Alaphilippe, Van Aert and Van der Poel headline Tour of Flanders – Preview

Dutch road race champion Mathieu van der Poel fights his way back to the front after a crash at the 2020 Tour of Flanders
Dutch road race champion Mathieu van der Poel fights his way back to the front after a crash at the 2020 Tour of Flanders (Image credit: Getty Images Sport)

This year's unprecedented autumn Classics season ends with the 104th edition of the Tour of Flanders, which is a little shorter than in recent years, but should still serve up a spectacular day's racing if last weekend's Gent-Wevelgem is anything to go by.

It will reprise the testy rivalry between Wout van Aert and Mathieu van der Poel, and see Julian Alaphilippe make his highly anticipated Ronde debut in the world champion's rainbow jersey, while Alberto Bettiol will attempt to become the first rider to defend his Flanders title since Fabian Cancellara in 2014.

As with their other races that have taken place during the ongoing health crisis, Ronde organisers Flanders Classics haven't announced full details of the race route as part of their strategy to discourage spectators from attending. They have, however, confirmed that the course will be approximately 24 kilometres shorter than last year. The iconic Flanders climbs of Tenbosse and the Muur van Geraardsbergen have been cut from the race after the first ascent of the Oude Kwaremont, while the Valkenberg has been added.

Starting in Antwerp, the route heads south-west to Zottegem and, just beyond, reaches the first of 17 climbs, the Katteberg, at the 100-kilometre mark. The first of three ascents of the Oude Kwaremont comes soon after. Over the next 70 kilometres, before the second ascent of the Oude Kwaremont, there are seven climbs and the long cobbled section of Haaghoek, which can be very treacherous, especially in the wet.

There are less than 60 kilometres still to race when the riders reach the Oude Kwaremont for the second time. Having negotiated this long (for Flanders) climb, with its steep, cobbled section, they will weave through narrow lanes to the foot of the Paterberg – another abrupt cobbled ramp. Half a dozen kilometres later, the route arrives at the Koppenberg – 500 metres of cobbles rising steeply between almost sheer banks that help to trap moisture on the uneven surface.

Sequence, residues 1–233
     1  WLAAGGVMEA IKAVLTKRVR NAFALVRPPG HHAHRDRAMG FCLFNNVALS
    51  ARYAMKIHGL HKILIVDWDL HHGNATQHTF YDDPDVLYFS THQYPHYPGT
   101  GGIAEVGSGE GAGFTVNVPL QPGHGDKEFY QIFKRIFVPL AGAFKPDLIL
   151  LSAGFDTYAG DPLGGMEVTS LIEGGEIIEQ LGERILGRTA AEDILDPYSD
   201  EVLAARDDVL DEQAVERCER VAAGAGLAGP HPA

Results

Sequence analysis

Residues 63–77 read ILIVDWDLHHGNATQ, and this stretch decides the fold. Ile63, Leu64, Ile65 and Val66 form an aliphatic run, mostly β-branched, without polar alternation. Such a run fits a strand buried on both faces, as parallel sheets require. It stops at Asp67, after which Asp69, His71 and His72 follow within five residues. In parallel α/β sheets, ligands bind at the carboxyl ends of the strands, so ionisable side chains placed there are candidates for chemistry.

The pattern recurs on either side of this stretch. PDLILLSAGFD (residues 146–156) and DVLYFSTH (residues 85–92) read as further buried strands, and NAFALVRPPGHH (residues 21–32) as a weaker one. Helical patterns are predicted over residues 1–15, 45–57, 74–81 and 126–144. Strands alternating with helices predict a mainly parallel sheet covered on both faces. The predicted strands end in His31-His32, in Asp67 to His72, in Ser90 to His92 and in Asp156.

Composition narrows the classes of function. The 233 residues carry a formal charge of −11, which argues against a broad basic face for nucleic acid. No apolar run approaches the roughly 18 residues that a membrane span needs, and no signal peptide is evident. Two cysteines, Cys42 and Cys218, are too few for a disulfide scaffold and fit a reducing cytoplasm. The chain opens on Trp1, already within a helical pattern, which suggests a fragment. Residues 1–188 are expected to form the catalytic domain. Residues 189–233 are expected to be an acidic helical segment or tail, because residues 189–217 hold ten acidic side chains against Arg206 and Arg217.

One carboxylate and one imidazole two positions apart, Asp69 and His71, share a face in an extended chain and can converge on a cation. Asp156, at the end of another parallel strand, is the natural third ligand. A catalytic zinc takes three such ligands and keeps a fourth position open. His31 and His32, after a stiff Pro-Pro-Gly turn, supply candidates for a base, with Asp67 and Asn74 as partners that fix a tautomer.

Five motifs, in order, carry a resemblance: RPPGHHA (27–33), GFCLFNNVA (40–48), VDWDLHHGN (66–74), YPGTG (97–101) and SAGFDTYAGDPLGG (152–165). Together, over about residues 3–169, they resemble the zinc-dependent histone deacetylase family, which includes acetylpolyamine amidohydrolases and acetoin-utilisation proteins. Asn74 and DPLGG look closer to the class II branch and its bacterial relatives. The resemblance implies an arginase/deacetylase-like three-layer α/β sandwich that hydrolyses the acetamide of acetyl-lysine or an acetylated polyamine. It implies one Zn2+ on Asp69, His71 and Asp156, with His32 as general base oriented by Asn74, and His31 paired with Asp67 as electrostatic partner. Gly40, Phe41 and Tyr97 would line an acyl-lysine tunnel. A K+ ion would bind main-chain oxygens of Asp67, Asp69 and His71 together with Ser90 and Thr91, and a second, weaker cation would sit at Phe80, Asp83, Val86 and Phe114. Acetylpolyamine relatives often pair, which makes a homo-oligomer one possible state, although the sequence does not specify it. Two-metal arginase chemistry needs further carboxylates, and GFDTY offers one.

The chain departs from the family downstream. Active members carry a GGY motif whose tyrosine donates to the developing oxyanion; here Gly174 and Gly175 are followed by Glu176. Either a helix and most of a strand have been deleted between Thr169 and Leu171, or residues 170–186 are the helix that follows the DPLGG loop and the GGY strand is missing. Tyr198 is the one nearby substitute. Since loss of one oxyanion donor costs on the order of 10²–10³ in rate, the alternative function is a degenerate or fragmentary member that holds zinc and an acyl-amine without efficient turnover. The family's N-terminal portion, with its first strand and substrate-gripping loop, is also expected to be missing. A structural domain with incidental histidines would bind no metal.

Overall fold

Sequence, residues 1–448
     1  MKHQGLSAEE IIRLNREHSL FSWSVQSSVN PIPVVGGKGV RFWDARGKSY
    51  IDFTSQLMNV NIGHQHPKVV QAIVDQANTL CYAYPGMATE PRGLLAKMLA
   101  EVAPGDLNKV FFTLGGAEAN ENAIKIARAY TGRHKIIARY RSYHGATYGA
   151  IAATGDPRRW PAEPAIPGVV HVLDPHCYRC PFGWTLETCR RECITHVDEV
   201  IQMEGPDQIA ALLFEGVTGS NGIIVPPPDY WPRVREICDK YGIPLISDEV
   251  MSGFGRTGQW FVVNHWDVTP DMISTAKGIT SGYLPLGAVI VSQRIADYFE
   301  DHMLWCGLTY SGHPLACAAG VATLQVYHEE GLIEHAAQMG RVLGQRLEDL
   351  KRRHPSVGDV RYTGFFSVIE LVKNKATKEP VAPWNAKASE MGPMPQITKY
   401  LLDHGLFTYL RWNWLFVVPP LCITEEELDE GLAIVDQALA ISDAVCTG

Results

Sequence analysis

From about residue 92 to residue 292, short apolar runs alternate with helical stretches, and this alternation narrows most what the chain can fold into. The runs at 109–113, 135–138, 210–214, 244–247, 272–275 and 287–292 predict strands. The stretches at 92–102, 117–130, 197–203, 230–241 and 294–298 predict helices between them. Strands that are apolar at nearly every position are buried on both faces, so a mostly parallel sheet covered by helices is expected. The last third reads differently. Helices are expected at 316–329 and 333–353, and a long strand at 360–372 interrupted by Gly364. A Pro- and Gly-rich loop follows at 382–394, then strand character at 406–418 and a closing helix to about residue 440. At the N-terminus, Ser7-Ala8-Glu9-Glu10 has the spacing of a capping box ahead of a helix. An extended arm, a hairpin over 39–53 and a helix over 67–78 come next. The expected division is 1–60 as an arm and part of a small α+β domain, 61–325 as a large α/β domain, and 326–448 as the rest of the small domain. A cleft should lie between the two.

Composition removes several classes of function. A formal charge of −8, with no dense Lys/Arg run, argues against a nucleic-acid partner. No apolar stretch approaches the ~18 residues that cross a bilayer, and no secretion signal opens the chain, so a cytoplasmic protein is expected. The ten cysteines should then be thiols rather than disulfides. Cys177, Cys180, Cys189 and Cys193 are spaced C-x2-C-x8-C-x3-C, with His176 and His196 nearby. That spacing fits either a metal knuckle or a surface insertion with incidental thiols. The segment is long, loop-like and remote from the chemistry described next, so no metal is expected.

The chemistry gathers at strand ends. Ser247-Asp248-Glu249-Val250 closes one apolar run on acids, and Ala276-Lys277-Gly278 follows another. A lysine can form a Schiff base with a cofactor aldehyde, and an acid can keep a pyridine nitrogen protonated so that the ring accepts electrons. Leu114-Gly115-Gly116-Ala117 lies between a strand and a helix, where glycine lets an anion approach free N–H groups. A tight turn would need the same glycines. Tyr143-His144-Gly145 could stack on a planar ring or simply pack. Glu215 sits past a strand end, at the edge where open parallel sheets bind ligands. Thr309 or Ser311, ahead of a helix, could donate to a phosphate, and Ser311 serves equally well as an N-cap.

There are three more climbs, the last of them being the 2.5km ascent of the Kruisberg-Hotond, before the riders return to the double whammy of the Oude Kwaremont and Paterberg. From the short ridge atop the latter, 13 kilometres remain into the finish in Oudenaarde.

Naturally, the field for this last Monument of the season is stacked with contenders. Wout van Aert (Jumbo-Visma) and Alpecin-Fenix's Mathieu van der Poel will start as favourites, but rival riders and teams will be looking to take advantage if the pair mark each other as closely as they did at Gent-Wevelgem.

Van Aert – the winner of Milan-San Remo towards the beginning of this unprecedented autumn Classics campaign – is Belgium's leading hope. Ninth on his Flanders debut in 2018 and one of the group that came in 17 seconds behind Alberto Bettiol last year, when he placed 14th, Van Aert will be backed by a team that features four Dutch riders, including Mike Teunissen, who was in the thick of the action last weekend.